Back in 1718, Handel had composed a highly successful masque, Hamman and Mordecai, ‘writ’ by Alexander Pope. The year after his annus horribilis, 1731, he revived the masque and things started to take a turn for the better. On 23rd February, with boys from the Chapel Royal and Bernard Gates (one of his regular soloists), Handel staged performances of it, renamed The History of Esther, at the Crown and Anchor tavern. One person who witnessed the performance, the Earl of Egmont, commented: ‘This oratoria or religious opera is exceeding fine, and the company were highly pleased, some of the parts being well performed.’
After this success, Handel proposed to stage it at the King’s Theatre, where his operas were usually performed. This caused a dreadful furore. Dr. Gibson, Bishop of London forbad it. He deemed it sacrilegious to perform a biblical work in such a theatre. Handel’s response to the ‘ban’ was to extend it to a full-length work, and he proceeded to perform it at the theatre, renamed simply Esther, on 2nd May the same year. He was very careful with the publicity though: ‘there will be no action on stage’; ‘the house will be fitted up in a decent manner’; ‘the music is so disposed after the manner of the coronation service’. On 6th May the Royal Family attended the performance in state. The new form, the English Oratorio had been born, and approved.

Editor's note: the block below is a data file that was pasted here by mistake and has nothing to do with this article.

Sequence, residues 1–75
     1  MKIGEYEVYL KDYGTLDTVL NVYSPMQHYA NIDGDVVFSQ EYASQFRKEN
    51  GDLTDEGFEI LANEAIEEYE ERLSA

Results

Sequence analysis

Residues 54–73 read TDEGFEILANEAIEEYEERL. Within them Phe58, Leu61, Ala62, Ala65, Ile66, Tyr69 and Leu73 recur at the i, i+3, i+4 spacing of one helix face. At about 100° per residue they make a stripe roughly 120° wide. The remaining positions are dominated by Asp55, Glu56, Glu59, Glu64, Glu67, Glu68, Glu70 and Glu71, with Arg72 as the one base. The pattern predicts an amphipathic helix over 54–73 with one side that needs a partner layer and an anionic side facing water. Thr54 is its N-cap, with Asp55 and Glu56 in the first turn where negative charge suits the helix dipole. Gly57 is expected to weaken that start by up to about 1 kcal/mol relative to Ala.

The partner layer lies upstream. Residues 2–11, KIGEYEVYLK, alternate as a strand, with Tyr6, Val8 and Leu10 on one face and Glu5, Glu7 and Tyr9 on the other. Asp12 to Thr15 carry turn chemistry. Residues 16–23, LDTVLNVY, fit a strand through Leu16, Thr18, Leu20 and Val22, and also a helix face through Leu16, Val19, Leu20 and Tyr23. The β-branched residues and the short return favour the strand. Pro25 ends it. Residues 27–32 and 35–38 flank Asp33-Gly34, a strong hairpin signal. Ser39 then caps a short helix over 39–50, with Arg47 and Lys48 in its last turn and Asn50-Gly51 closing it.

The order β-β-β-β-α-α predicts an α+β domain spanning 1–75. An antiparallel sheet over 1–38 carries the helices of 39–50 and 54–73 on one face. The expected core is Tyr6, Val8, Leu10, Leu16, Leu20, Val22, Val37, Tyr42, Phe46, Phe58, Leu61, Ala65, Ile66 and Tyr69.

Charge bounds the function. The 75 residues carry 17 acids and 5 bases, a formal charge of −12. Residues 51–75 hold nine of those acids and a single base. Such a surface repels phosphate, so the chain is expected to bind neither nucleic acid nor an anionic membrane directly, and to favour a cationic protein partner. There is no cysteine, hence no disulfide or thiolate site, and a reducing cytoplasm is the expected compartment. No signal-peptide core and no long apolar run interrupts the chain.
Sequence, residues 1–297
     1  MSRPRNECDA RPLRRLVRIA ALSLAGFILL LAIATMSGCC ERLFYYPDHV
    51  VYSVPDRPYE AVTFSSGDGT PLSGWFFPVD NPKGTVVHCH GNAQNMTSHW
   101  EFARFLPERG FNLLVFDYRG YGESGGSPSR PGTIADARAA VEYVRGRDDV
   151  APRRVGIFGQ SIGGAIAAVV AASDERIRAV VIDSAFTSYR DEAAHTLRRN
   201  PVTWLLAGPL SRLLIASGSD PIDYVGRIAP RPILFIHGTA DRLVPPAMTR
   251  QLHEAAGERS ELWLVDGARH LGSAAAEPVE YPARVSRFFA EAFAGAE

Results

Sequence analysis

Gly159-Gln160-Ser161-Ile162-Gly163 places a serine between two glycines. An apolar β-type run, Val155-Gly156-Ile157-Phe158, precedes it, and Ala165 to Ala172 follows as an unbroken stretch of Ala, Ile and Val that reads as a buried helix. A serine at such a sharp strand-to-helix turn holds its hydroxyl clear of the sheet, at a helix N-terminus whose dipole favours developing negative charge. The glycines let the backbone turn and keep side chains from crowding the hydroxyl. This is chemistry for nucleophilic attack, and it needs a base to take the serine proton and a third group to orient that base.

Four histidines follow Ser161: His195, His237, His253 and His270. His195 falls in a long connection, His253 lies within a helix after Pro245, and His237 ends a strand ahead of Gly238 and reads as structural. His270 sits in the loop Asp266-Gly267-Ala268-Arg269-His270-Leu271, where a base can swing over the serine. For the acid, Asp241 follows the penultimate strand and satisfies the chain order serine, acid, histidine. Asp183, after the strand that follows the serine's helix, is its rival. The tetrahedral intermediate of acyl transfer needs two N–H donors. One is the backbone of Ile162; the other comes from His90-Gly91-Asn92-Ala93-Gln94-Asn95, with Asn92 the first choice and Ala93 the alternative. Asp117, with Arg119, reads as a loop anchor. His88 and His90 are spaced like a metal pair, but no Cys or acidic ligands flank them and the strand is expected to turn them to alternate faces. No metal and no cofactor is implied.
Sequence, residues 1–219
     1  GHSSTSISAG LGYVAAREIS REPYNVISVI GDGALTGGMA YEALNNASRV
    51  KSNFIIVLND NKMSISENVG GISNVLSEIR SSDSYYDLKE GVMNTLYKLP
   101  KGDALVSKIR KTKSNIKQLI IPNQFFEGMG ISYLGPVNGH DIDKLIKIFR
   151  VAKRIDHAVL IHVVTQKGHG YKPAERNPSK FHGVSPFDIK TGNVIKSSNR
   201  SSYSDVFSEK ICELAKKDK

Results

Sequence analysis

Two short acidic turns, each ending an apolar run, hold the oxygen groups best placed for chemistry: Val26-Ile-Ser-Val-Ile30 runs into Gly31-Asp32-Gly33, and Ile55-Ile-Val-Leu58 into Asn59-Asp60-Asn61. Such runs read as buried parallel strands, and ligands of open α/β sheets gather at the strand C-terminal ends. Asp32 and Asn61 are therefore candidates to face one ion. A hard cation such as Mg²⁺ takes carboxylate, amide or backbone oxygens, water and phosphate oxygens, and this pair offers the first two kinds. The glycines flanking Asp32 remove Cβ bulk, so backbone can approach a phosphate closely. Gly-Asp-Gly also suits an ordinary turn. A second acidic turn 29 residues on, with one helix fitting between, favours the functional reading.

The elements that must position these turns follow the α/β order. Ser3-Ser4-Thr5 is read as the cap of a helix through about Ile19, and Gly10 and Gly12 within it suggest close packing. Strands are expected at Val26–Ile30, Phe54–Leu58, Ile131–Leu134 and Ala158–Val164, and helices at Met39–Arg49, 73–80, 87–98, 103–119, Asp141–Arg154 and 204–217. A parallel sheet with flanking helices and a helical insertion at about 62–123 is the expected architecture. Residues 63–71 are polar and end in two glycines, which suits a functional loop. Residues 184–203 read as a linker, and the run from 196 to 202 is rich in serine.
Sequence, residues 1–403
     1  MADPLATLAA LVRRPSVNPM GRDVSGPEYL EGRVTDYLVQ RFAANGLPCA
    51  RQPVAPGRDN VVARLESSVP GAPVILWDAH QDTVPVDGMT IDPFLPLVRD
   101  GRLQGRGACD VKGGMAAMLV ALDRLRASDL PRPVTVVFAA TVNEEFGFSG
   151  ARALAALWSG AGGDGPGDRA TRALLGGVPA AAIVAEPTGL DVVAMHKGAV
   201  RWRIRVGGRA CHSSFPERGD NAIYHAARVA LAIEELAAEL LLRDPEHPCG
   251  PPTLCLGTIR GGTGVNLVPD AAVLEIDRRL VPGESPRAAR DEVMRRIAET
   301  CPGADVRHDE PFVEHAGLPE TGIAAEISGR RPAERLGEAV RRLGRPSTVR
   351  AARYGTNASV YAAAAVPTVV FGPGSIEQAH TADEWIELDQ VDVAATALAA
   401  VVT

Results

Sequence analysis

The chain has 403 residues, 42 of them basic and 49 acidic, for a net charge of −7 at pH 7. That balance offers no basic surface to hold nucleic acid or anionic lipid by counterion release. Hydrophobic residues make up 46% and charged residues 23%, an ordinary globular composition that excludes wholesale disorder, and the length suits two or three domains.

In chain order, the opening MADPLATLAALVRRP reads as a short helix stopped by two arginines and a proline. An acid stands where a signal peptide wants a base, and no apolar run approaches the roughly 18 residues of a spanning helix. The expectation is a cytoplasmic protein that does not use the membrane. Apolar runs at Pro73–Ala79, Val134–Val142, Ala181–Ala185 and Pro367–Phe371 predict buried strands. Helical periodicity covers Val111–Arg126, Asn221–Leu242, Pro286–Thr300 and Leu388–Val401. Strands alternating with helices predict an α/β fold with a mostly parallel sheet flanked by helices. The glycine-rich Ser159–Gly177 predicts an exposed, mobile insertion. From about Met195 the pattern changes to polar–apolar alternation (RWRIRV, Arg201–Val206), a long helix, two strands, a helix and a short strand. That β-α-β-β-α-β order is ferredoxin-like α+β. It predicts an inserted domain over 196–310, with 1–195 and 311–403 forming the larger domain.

The issue of oratorio being performed in a theatre would rear its head some years later. In 1741 Charles Jennens had given Handel the libretto for Messiah. Famously, Handel composed it in 24 days. In April 1742 it received its first two performances in Dublin, to rapturous applause. In March the following year Handel performed it in the King’s Theatre. Here it was a disaster. The ‘public’ were offended that such a deeply religious work should be performed in a theatre. However, Handel would go on to give many performances of it, to great public acclaim, raising considerable funds for his favourite charity, the Foundling Hospital.
The Hospital for the Maintenance and Education of Exposed and Deserted Young Children was the brain-child of Captain Thomas Coram, who was greatly concerned at the number of abandoned, destitute children on London’s streets.